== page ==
A favorite idea that came from my yoga teacher training is also a simple one: take time to let go of what ever you were doing before going in to teach your yoga class. I've heard this described primarily in terms of physical ritual: washing hands and feet, getting to the yoga studio early, etc.
But I've been thinking a bit lately about my walks and my use of my smart phone while walking. I was a late smart phone adopter, so at my last job, when I lived in an apartment near school, I had the opportunity to walk 30 minutes to and from work on the days that I was not lazy and 10 minutes to and from my parking space when I was lazy.
Now, I have to say, I do love my smartphone. When I go on jogs (boring for me when done alone), I revel in the technological wonder that is my phone as I use it to track my mileage and pace, listen to a podcast, and when there is a quail on the path (hooray!), to stop, take a photo, and email the photo to my quailless family living on the other coast.
And yet. On those walks to work pre-smart phone--Let's call them dumb walks--I did a lot of thinking. Often this thinking prepared me for where I was going. If headed to a meeting, I could work out some ideas. If headed to teach, I often fine tuned or generated new material for lesson plans.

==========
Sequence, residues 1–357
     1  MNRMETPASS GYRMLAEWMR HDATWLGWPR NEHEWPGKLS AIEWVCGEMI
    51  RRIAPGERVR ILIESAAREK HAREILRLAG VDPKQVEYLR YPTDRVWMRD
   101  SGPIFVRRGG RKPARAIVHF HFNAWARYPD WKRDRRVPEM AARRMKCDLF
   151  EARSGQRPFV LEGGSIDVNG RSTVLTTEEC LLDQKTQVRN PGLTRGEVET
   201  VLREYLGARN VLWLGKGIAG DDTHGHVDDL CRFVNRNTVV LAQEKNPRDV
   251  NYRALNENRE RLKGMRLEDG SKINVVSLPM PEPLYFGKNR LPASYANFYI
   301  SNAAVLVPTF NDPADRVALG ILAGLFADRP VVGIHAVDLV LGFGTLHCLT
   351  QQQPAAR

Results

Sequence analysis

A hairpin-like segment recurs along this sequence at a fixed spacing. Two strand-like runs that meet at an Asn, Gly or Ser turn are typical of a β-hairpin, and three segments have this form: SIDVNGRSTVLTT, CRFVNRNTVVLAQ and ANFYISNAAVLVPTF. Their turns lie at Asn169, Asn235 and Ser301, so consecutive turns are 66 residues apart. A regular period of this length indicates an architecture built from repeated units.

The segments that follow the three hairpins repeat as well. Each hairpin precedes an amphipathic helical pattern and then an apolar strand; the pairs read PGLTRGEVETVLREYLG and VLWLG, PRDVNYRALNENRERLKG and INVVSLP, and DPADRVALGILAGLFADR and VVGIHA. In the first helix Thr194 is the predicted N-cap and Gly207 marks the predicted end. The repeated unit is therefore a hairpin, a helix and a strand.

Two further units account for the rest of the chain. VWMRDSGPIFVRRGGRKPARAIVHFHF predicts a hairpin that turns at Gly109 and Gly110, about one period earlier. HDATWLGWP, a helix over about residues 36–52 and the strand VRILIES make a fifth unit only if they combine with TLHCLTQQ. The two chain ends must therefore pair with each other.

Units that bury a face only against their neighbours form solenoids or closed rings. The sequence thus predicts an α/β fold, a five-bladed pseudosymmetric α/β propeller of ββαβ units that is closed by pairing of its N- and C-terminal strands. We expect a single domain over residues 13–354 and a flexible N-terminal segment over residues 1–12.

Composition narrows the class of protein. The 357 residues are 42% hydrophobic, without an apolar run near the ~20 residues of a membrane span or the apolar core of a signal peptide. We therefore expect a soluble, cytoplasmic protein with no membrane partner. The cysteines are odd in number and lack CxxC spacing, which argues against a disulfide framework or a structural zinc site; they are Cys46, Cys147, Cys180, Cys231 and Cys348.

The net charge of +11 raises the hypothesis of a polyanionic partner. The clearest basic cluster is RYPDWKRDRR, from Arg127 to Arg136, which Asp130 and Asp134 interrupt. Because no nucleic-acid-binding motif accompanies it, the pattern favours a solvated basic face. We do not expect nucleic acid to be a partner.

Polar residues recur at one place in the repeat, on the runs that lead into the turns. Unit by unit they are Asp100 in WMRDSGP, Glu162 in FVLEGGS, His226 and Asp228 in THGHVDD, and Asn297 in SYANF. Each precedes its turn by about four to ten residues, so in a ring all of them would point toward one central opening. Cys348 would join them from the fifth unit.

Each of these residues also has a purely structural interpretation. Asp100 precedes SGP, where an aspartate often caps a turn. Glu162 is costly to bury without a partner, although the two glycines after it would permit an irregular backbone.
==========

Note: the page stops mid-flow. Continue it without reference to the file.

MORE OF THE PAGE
Lately, when I walk to campus with my phone in my hand, I'm either listening to a podcast or checking email (as though any that came in before leaving the house and arriving at the office could be so so urgent). What I'm not doing, to return to the ritual before starting yoga teaching, is allowing myself to "come into the space" of wherever I'm going. Instead, the shift is abrupt: phone off lecture begun; stop listening to serial, start writing.
So, while I'm not giving up my smartphone, I do want to start reclaiming a little strategic dumb time for myself. I do love a good podcast, so I'll start small--letting the walk to teach be a time free from other stimulation, bringing my focus to the task at hand.
Get a Life, PhD
The Professor is In
The Thesis Whisperer
Tenure, She Wrote